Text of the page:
It’s hard to find “real downsides”. Theoretically it can lead to bloating and weight gain, but these are super-reversible side effects. What i"m most interested is in the non-reversible side effects
I think the most concerning ones come from ingestion of excess microplastics or (possibly) indigestible tannins/waxes that may also get stuck inside cells…
Often I eat more vegetables than all the rest of the 50 people at an event combined
Relevance of Diabetic Retinopathy with AGEs and Carotenoid Levels Assessed by Skin Sensors - PMC has something, but “very frequent/high intake” isn’t even comparable with the levels of vegetables I eat each day…
The forced-choice scale with a 4-point rating system was used to estimate the amount of vegetable intake, in which a vegetable intake score of 0 indicated no or rare intake, (1) sometimes/small amount, (2) frequent/sufficient amount, and (3) very frequent/high intake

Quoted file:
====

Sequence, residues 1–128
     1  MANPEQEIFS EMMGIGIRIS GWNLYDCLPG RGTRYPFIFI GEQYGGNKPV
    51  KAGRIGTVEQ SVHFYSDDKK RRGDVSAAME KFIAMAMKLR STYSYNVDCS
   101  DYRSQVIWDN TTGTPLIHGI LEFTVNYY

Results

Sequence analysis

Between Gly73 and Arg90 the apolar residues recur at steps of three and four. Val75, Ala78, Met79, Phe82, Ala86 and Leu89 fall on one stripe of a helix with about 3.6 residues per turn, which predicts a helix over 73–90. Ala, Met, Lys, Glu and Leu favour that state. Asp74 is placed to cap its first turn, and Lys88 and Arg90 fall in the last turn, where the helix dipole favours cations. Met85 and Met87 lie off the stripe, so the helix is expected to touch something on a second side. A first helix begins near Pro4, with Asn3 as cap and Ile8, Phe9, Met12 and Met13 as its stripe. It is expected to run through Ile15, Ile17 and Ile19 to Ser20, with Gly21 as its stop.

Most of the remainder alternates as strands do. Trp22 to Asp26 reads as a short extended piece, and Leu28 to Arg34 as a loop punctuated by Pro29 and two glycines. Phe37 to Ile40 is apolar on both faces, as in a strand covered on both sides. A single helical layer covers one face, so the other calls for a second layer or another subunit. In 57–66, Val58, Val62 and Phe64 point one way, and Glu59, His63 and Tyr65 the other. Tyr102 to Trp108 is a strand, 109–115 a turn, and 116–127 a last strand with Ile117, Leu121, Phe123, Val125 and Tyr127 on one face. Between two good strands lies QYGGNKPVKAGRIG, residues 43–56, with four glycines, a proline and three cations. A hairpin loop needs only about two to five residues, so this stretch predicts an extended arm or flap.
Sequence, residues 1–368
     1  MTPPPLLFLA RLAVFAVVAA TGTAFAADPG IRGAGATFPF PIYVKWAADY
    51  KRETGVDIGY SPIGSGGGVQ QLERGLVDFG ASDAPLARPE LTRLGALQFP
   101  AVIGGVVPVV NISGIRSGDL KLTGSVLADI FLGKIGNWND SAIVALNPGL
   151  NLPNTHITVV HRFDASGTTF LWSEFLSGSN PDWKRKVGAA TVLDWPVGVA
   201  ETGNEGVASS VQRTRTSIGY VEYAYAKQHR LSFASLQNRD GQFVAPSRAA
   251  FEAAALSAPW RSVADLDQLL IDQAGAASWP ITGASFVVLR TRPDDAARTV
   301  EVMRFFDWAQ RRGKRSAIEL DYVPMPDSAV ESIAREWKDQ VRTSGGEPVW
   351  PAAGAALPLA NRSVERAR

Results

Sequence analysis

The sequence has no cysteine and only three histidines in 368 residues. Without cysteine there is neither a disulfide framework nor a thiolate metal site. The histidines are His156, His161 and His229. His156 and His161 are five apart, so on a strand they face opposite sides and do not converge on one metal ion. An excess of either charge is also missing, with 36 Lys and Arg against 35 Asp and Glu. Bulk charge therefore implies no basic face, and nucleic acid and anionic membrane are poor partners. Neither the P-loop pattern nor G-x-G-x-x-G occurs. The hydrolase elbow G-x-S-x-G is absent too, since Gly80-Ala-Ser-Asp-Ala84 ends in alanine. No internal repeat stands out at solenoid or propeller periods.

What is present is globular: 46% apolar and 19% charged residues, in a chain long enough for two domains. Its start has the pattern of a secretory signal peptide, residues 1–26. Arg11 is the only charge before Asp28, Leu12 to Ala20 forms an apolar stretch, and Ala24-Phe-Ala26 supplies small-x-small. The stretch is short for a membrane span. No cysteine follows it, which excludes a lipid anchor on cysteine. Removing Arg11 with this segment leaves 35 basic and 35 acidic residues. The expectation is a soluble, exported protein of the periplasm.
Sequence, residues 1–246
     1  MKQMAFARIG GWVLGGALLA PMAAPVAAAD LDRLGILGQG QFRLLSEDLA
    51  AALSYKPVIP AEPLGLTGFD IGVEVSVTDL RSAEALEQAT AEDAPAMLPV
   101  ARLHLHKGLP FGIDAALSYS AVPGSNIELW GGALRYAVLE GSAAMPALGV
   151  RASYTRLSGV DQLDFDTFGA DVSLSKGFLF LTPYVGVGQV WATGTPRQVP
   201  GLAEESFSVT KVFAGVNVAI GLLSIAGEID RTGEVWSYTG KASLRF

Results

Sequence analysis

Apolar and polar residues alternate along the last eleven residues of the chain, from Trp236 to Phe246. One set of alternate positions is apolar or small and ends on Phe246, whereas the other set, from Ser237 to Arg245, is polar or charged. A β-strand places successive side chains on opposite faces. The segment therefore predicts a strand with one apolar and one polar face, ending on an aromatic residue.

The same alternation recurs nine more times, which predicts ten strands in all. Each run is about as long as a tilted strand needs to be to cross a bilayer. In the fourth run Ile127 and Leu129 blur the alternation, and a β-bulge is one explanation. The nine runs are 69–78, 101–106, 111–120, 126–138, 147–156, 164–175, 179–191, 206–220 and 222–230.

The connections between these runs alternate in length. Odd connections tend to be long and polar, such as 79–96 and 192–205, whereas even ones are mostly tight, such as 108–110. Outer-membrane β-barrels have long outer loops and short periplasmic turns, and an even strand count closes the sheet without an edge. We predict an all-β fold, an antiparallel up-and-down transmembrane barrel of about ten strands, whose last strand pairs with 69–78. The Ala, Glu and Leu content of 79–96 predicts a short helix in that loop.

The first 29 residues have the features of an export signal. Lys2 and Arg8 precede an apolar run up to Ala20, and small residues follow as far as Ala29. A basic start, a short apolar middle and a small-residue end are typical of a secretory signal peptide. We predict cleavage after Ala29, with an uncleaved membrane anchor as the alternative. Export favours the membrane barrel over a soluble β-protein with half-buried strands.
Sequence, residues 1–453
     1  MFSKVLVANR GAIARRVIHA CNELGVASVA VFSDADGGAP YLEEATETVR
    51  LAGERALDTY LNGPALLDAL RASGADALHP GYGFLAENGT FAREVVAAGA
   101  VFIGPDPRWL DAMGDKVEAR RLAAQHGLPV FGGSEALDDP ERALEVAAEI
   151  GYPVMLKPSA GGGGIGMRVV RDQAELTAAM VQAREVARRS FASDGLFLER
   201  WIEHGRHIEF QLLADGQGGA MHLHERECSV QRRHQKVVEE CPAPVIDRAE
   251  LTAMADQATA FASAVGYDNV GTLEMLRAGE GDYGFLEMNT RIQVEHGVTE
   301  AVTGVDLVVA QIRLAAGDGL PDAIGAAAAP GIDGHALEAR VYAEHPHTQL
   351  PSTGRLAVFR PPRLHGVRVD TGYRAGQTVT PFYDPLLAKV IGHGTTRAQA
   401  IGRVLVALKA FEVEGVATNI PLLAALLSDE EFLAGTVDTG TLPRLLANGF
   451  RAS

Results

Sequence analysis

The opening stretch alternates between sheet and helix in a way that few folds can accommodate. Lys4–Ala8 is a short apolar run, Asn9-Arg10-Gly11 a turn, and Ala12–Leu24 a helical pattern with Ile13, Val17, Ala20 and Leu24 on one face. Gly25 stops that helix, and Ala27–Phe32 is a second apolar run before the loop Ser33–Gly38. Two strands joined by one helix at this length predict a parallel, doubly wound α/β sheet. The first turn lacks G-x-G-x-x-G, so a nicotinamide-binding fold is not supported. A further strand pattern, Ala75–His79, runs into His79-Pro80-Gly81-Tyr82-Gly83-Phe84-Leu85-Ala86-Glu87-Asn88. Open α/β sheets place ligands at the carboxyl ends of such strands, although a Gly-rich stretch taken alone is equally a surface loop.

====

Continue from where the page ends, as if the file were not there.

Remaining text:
The study did not find a difference in Veggie scores among the control, NDR, and DR groups, whereas female sex, nonsmoking status, and better BCVA were associated with higher Veggie scores (Table 10). Higher carotenoid levels in women and nonsmoking status have been reported previously [19,20,21]. Higher dietary intake of carotenoids in women than men has also been reported ; thus, the current results are consistent with previous studies. The Veggie score clearly reflected the vegetable intake score (Table 8). Collectively, the results suggest that the fingertip measurement appropriately estimated the carotenoid levels. Provitamin A carotenoids, which are converted into vitamin A, are essential for maintaining the photoreceptor cell function. Macular pigment xanthophylls, such as lutein and zeaxanthin, are the major protectants of the foveal region via their antiphotooxidative stress effects . Filtering of the harmful shorter wavelength blue light and/or elimination of singlet oxygen species explains the cellular protection activities of these macular pigment carotenoids . Carotenoids were associated with better visual function by maintaining lens transparency  and macular function . Considering these previous findings, the relationship between better BCVA and Veggie scores detected in this study (Table 5 and Table 10) seems reasonable. Contrary to expectations, higher Veggie scores were associated with higher DR risk (Table 3). More aggressive or rigorous dietary guidance applied to patients with DM/DR compared with controls might explain this result, although this needs to be tested.